For Earth Day, King Elmer tree in Lanesborough gets royal treatment

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LANESBOROUGH — King Elmer is in pretty good shape for having been around since the American Revolution.

The estimated 255-year-old American elm, showing its age in spots, still proudly towers over Summer Street near the corner of South Main Street.

On Earth Day, King Elmer's caretakers and a local tree surgeon worked to ensure one of the state's oldest champion elms stands tall for decades to come.

The Lanesborough Tree and Forest Committee on Monday morning supervised the four hours of maintenance work that Ron Yaple and his crew from Race Mountain Tree Services in Sheffield performed on the elm.

Yaple, tree company owner and certified arborist, supervised the pruning of any dead wood, inspected potential decay of an old pruning wound at the base of the first large branch, and examined the extent of decay at a hole about 40 feet high. The tree experts also trimmed the lowest hanging branch over Summer Street to relieve some of the weight, lessening the chance it will break off.

The Race Mountain crew were surprised to find they weren't alone in the tree, according to committee member Paula Byrdy.

"One man climbed near the top and found a raccoon living there. He left it alone," she said.

From ground level, Byrdy and others watched and documented the pruning and trimming, last done in 2012. In order to keep King Elmer from succumbing to Dutch elm disease, the tree is scheduled next year for another inoculation against the deadly infection that nearly wiped out elms in the Untied States and Canada during the 20th century.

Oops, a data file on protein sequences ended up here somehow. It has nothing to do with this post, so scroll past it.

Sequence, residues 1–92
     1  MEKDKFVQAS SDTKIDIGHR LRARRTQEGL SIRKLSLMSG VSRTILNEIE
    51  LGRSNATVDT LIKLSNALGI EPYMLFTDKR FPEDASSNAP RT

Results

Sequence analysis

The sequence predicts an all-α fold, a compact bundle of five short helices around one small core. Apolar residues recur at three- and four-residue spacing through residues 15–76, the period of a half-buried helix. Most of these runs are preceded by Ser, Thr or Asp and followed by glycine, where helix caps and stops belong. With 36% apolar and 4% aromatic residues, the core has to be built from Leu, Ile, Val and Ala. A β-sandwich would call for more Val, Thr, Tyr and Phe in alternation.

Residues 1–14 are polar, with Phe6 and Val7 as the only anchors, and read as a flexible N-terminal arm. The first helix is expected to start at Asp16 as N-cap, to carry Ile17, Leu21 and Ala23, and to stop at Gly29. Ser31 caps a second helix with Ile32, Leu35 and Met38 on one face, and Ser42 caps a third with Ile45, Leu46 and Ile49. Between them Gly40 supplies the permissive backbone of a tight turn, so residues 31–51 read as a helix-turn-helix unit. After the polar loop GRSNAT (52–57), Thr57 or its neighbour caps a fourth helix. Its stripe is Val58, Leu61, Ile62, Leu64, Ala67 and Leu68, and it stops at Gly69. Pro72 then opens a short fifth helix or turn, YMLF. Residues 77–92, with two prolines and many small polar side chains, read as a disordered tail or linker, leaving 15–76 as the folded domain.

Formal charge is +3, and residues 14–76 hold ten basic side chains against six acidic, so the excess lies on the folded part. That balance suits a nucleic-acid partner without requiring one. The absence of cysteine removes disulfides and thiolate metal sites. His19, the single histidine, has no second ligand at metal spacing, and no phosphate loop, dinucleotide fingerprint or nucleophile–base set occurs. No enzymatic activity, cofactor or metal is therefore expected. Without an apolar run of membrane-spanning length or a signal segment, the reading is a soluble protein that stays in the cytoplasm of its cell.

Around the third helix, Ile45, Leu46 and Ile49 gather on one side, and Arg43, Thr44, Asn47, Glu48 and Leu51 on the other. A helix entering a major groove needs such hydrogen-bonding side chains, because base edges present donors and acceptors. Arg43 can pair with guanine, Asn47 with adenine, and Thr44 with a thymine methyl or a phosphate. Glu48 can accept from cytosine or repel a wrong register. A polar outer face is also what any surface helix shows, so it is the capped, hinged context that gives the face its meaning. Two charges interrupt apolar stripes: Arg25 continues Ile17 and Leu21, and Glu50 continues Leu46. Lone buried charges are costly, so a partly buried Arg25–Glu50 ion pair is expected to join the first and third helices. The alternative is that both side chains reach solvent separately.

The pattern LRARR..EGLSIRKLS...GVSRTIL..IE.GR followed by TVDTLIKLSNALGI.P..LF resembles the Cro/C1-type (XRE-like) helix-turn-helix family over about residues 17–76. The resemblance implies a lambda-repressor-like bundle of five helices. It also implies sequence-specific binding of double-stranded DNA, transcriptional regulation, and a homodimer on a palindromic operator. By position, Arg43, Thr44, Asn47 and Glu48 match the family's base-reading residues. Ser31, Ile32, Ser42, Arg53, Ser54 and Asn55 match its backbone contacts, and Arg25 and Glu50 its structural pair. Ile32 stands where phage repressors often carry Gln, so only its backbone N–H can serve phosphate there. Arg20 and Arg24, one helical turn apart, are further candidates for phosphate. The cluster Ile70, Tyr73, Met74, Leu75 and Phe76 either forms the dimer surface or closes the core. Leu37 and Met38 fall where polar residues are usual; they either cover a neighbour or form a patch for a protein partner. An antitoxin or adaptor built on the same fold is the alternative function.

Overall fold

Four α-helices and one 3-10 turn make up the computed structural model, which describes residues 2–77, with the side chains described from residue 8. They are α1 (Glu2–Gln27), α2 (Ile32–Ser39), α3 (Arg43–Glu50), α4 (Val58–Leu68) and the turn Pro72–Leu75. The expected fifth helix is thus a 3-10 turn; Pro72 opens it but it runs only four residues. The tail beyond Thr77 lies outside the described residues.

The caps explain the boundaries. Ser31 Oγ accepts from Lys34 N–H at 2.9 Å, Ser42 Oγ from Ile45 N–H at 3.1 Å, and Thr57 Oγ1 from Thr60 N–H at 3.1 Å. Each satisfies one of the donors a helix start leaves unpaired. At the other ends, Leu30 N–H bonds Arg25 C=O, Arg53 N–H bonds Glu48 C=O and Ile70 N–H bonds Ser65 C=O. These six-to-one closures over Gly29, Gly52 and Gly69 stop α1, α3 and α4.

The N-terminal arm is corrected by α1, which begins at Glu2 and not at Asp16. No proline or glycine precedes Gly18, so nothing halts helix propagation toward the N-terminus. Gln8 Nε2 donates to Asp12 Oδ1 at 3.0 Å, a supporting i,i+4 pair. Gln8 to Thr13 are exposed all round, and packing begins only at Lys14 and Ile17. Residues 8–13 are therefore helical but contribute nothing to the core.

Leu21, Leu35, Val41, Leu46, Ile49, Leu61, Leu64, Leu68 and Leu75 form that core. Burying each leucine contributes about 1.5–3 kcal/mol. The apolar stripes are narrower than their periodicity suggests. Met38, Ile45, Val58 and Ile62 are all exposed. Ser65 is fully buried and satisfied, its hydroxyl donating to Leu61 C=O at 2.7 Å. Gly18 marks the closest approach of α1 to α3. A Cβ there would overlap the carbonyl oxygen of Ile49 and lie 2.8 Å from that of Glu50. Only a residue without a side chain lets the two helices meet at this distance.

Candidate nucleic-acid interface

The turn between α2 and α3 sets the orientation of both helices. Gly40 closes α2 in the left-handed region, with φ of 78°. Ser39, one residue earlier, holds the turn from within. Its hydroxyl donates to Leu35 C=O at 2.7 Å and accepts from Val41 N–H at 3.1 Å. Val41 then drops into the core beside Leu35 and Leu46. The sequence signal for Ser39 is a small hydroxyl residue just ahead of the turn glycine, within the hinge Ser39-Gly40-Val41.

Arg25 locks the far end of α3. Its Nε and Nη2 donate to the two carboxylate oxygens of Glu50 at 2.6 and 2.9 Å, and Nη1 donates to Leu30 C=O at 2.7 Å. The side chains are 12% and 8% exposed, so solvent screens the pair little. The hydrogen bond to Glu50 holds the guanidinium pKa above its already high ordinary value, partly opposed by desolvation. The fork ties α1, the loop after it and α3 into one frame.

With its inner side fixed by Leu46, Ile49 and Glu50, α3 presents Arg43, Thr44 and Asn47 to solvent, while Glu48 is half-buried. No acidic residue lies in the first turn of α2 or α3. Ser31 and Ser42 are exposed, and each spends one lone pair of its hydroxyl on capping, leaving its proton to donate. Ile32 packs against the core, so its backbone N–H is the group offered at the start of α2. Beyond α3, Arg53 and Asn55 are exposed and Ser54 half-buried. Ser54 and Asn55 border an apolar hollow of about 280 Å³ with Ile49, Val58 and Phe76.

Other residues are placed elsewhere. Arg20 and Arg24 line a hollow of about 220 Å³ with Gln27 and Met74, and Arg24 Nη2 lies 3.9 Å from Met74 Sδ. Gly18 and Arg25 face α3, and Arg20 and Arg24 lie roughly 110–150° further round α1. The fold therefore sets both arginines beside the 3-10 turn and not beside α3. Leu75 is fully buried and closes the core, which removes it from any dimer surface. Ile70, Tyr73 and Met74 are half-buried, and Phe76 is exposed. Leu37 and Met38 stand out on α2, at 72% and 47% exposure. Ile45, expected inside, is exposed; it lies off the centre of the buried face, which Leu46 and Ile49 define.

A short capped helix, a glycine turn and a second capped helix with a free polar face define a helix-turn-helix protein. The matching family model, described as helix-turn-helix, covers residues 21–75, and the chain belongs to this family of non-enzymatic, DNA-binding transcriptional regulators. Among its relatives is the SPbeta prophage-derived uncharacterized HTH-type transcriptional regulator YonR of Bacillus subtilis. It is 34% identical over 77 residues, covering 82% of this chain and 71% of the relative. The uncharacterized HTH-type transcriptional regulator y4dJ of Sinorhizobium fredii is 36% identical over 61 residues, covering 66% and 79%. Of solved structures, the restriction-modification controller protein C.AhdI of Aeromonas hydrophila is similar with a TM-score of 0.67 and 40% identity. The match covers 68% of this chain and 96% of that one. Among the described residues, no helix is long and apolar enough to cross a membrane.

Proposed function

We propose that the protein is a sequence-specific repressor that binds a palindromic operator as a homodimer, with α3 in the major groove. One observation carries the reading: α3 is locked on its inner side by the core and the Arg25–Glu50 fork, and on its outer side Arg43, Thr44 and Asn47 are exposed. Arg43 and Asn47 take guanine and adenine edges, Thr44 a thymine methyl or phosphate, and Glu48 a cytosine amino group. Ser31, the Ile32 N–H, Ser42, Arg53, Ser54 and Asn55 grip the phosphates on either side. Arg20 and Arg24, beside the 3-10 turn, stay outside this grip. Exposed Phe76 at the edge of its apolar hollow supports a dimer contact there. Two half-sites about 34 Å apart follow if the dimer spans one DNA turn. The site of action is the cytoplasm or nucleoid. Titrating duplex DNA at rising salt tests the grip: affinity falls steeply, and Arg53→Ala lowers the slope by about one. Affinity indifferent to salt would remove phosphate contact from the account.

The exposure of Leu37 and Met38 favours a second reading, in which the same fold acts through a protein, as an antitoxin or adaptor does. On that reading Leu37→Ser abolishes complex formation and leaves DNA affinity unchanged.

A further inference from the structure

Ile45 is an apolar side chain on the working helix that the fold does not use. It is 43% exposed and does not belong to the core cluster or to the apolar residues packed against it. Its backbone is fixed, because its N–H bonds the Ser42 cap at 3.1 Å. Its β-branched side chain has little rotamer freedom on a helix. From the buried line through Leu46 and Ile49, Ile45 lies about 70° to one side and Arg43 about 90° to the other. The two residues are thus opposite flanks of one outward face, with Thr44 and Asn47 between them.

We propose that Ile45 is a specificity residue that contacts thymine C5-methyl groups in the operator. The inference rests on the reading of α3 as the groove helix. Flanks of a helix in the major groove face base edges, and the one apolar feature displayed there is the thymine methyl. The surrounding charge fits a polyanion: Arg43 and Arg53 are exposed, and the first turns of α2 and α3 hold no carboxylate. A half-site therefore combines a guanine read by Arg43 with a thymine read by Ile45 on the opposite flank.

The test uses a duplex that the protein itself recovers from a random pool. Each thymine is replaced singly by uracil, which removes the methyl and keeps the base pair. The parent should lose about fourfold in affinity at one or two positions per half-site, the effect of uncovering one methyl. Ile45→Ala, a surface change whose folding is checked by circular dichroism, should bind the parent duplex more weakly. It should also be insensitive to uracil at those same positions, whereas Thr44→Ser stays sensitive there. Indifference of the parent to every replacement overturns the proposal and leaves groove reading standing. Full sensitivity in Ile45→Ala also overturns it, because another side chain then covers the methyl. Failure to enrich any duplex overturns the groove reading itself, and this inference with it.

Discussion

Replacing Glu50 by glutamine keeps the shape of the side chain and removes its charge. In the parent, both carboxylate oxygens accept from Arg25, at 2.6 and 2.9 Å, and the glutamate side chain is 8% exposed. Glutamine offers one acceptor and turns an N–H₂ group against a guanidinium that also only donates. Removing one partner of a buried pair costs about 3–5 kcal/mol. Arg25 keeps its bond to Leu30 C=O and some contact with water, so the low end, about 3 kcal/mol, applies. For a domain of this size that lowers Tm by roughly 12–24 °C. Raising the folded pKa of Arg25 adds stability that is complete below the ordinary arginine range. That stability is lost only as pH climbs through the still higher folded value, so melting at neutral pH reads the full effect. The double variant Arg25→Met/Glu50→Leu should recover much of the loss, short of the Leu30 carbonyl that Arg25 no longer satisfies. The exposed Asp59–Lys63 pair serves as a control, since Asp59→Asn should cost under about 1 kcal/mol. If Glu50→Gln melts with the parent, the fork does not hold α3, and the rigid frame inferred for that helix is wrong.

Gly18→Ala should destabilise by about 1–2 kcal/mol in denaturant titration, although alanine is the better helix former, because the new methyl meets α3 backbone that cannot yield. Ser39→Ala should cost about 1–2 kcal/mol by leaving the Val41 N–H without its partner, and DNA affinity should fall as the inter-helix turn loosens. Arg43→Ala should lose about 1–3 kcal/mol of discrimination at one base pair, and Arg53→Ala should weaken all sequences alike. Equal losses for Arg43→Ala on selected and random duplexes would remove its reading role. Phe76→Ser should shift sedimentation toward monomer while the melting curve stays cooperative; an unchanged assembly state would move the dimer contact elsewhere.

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The volunteer tree committee, first appointed by the Select Board in 2003, works to maintain, promote and improve the health of all trees on town land, especially the one that has come to symbolize the community.

"[King Elmer] is what defines Lanesborough. What would Stockbridge be if the Red Lion Inn burned down," committee chairman Jim Neureuther said in an Eagle interview prior to Monday's tree work.

King Elmer is looking to recapture its glory as one of the largest elms in the commonwealth. In 2000, the state designated the Lanesborough tree as the Grand Champion Elm based on height, circumference of the trunk and average crown. King Elmer, so named by local third-graders in 2010, lost the top honor in 2016 to an elm in Old Deerfield Village, with an elm in Hatfield coming in second place. Last October, Neureuther took new measurements of King Elmer that, if certified by the state, would elevate the Lanesborough tree as the second largest in Massachusetts.

"That tree is a freak of nature; in very good form for its age," noted Neureuther.

King Elmer is the local landmark that best represents Lanesborough. The tree's winter silhouette was the cover photo for the town's annual report publish in 2003. Three years ago, the elm was a highlighted historical stop during the 250th anniversary of Lanesborough being incorporated as a town.

Furthermore, King Elmer is the center of attention when the tree committee conducts a daylong learning program for Arbor Day with third-graders at Lanesborough Elementary School on Summer Street.

Since 2015, the committee has also created arboretum areas at the school and Laston Park, planting a diverse total of 42 saplings representing 25 types of trees.

Dick Lindsay can be reached at rlindsay@berkshireeagle.com and 413-496-6233.


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